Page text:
87 percent of schools teach sexual education with a focus on abstinence and one in four teens receive abstinence education without any accompanying instruction on birth control. The recent news flurry surrounding George Washington High senior Katelyn Campbell, of West Virginia, has brought national media attention to rethink how and what kids are taught across the nation.
Earlier this month Campbell spoke out against Pam Stenzel, an abstinence advocate and guest speaker at Campbell’s school, who used slut shaming as a way of “educating.”
Stenzel had warned students against taking birth control, saying that if they did their mothers would hate them.
After Campbell spoke out against her school hosting such a speaker, her principal threatened to contact her future college – Wellesley College – and inform them of her “bad character.” Thankfully when Campbell brought the story to the news she was flooded with support including a public statement or approval from Wellesley College. However, many members of her community support the school’s choice of speaker, and see nothing wrong with the principal’s actions.
These views reflect the resistance towards sexual education that came out of the conservative and religious movement of the late 1960s and early 1970s, in response to the sexual revolution of the time. It was then that Sex Ed became a political issue and parents across the country began protesting Sex Ed programs in schools.
Though conservatives often cite Sex Ed as the cause for increasing rates of sexual activity — studies have proven this claim false — Sex Ed began in this country in the early 1900s as a response to increased rates of sexual activity and STDs, and was seen as a mechanism for promoting hygiene rather than morality.
There are schools throughout the country where comprehensive Sex Ed is taught but it is far from the norm, and parents have the option to opt their child out of the program. Comprehensive programs also receive next to no federal funding while the Federal Government has invested more than $1.5 billion dollars in abstinence only programs since 1997. It was only in 2010 that comprehensive programs were eligible to begin receiving federal funding.
It is a wonder why abstinence only education prevails even though study after study proves it to be ineffective in delaying sex or reducing teen pregnancy – teen pregnancy rates are in fact highest in states with abstinence only policies.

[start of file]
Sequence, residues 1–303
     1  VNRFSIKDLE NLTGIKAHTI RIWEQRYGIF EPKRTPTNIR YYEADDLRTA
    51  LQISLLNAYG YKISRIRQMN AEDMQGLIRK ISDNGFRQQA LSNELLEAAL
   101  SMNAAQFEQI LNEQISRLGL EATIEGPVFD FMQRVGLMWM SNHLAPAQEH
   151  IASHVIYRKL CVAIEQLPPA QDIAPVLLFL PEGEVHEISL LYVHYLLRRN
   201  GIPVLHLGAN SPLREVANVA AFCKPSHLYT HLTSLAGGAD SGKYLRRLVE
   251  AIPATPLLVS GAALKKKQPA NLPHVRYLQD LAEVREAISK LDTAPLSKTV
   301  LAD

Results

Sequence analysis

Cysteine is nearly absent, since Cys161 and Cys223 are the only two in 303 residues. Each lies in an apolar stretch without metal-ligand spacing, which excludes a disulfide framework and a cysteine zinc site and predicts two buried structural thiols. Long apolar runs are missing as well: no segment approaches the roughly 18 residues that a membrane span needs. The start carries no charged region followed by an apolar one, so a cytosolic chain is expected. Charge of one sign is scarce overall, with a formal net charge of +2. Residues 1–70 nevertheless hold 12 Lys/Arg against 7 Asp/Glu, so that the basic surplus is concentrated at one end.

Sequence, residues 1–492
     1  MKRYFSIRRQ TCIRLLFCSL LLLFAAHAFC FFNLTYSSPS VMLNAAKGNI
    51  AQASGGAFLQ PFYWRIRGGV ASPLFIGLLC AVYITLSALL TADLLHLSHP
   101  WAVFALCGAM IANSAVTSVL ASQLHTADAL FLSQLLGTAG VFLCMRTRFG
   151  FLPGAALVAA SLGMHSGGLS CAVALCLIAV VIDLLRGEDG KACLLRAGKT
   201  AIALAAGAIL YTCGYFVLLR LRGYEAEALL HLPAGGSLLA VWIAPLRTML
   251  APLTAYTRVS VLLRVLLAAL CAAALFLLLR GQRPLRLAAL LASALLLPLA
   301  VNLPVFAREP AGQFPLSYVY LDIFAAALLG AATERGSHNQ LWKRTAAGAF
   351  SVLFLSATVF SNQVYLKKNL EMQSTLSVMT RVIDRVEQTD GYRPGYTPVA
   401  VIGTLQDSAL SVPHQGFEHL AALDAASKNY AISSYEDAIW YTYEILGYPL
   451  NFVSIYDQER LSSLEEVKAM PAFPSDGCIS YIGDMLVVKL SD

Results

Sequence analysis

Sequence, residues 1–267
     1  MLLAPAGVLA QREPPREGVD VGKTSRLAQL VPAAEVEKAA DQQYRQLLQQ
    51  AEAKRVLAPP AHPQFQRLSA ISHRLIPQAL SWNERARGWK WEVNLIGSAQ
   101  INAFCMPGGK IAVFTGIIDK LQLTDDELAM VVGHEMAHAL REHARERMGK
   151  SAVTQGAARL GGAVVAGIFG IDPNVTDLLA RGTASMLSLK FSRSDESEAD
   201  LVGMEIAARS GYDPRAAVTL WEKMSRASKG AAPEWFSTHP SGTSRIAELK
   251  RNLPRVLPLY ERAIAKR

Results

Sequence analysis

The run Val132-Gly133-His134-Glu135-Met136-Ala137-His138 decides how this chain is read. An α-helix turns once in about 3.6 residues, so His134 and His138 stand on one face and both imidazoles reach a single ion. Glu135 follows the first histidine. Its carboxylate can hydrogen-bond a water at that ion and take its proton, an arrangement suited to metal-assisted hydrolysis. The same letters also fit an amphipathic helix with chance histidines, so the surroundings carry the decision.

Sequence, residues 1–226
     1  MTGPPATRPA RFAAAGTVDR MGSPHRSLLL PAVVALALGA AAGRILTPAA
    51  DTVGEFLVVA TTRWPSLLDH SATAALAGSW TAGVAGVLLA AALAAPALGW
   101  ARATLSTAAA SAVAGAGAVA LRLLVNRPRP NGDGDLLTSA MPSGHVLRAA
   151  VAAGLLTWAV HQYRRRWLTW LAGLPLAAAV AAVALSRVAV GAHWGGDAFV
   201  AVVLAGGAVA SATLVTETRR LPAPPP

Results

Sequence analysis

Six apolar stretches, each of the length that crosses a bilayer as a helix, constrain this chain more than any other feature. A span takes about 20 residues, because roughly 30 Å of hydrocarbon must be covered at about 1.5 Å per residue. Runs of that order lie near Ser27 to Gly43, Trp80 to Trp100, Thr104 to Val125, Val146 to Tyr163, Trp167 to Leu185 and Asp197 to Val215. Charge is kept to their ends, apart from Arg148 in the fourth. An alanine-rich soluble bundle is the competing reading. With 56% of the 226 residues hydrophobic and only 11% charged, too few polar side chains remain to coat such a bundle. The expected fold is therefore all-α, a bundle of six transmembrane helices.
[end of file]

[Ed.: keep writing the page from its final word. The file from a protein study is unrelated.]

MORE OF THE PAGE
Many sociologists agree that there are serious dangers to “protecting” children from sex.
“There is something wrong when political ideology wins out over scientific evidence,” Professor of Sociology Laura Hirshfield said.
Hirshfield, who grew up with reproductive biologists for parents and lived in a liberal community in Maryland where she received comprehensive sex education in middle school, said “it’s dangerous for a generation of kids, who will eventually have sex, to not be education about how to have safe sex.”
“Right now we are not teaching people how to keep themselves safe physically, how to keep themselves safe emotionally, or how the dynamics of consent and communication work,” First-year McAlister Grant said. Grant worked with Professor Hirshfield on a tutorial last semester dealing with Sex Ed across the nation.
Grant feels that these gaps contribute to the rapid spread of STDs as well as high rates of pregnancy and sexual violence among young people. To try and change this, Grant is working with the Safe Place and Rape Crisis Center (SPARCC) to develop a violence prevention education program targeted at young men that can be taught on high school and college campuses.
Though Grant said he became involved because he thinks, “the quality of sex education in the United States is horrible,” and that, “kids are not being taught the realities of sex,” he and many others hope for a better future. Thanks to non-governmental organizations such as SPARCC and Planned Parenthood, Obama’s support of comprehensive education, and even websites like Tumblr, more kids across the U.S. are learning the realities of sex. Time to wait for legislation and public opinion to follow the logic of science.
Information for this article was taken from wsaz.com, advocatesforyouth.org, guttmacher.org, and dosomething.org.